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- Attributes: Goddesses of fertility, motherhood, tenderness and love
- Symbols: Laces and knots
- Place: Australia
Many of the Australian natives believe that the world was created when the ancient Gods and Goddesses woke from their sleep under the earth and decided to walk on the plane above. These beings were so powerful that they created the world as they walked, treading and distorting the ground beneath their feet. This is a time referenced as “The Time of Dreams“.
The imagination of the creator Gods brought into existence all kinds of life present on the planet, but since they did not feel that it was complete, they created smaller Gods who would, in the future, would be responsible for the creation of humanity.
One of the most powerful minor Goddesses of this myth was the great rainbow serpent, the Goddess Yurlungur. She is credited for being the one who most created diversity in the life of the Earth and filled the rivers and lakes with water.
Twin Goddesses, called The Wawalak, were among the deities created during this period. They traveled the world with their babies and were very happy with each other’s company and their children until they made a mistake.
One day, on their travels, they set up camp near one of the Yurlungur lakes, where she was sleeping. As the Goddesses did not understand that the lake was sacred to the Serpent Goddess, they accidentally polluted it, and this caused a great riot.
The great serpent felt the pollution in the water and got so furious that, when waking up, she flooded the whole area with rain. The twin Goddesses desperately clung to what they could to save themselves and the children as they prayed and sang in a cry to Yurlungur, but nothing seemed to calm her. The serpent became more and more furious until she swallowed the Goddesses and their daughters in full.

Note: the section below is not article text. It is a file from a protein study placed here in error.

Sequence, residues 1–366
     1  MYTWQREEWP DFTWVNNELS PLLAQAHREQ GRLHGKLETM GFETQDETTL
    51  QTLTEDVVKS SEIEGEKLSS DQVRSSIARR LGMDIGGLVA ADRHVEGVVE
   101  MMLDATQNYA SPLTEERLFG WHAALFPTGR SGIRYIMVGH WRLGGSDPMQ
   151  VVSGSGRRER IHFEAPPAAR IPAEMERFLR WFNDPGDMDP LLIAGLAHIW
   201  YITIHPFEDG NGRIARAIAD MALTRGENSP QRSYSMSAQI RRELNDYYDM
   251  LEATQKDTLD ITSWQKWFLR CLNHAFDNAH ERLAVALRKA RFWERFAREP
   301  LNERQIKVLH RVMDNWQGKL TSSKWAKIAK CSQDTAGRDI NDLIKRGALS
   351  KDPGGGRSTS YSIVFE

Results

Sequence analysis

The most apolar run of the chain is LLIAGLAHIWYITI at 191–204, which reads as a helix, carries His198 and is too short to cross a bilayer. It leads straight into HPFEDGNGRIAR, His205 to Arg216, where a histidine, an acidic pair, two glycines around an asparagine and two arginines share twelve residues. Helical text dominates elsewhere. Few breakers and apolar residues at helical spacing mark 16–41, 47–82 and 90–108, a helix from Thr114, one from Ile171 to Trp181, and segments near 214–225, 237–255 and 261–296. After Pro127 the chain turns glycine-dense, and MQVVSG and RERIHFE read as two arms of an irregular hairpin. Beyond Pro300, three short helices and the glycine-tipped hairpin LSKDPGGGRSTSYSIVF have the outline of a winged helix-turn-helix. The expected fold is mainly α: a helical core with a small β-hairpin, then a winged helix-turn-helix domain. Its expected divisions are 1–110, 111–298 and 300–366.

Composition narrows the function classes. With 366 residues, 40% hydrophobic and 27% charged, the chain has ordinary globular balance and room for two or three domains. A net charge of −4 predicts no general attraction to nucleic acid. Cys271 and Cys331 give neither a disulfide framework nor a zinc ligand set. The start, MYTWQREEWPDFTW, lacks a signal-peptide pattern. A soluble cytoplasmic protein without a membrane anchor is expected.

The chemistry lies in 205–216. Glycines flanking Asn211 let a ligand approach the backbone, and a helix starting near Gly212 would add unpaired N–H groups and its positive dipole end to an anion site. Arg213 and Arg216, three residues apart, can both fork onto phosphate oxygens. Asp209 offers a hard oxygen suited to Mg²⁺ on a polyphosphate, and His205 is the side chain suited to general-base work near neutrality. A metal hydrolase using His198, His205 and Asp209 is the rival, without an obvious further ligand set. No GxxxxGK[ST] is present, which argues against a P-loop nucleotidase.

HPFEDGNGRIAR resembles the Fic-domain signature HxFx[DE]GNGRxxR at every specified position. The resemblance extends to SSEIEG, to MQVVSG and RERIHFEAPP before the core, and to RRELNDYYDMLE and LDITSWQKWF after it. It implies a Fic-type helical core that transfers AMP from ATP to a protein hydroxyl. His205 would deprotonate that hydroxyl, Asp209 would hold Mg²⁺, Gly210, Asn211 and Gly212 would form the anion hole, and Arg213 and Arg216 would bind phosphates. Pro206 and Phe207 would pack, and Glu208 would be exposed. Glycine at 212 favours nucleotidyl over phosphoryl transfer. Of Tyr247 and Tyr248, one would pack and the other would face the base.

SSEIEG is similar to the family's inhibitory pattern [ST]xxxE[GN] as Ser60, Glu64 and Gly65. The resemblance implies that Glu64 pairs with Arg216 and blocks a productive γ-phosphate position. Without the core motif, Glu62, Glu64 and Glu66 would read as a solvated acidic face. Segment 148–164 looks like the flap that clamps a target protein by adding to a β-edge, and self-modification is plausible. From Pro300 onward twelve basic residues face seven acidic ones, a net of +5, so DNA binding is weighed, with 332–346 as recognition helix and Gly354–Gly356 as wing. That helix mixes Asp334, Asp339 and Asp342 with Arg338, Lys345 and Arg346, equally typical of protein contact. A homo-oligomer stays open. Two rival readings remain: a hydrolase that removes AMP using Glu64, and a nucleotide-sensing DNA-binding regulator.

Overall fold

Almost immediately, however, the Serpent Goddess felt ashamed to have taken such drastic measures, then she opened her mouth and freed the sisters from her stomach. She could not help but notice that the Goddesses were still holding their children, and the fact that they tried to protect the babies at all costs touched her deeply.
The Wawalak, like every mother, are willing to give their own lives to protect their children, it is a difficult connection to explain or even to understand, it simply exists in such a powerful way that it continues to fascinate everyone even today.
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Some believers in this story believe that women were born with all the knowledge and secrets of the world, but men thought it unfair for them to have this unbreakable bond with their children and knowledge at the same time.
Thus, throughout our history, we see that men have planned to separate these qualities to “steal” the knowledge of women, leaving them without the ability to lead or to make decisions. This is finally coming to an end with more and more women assuming important roles in the society.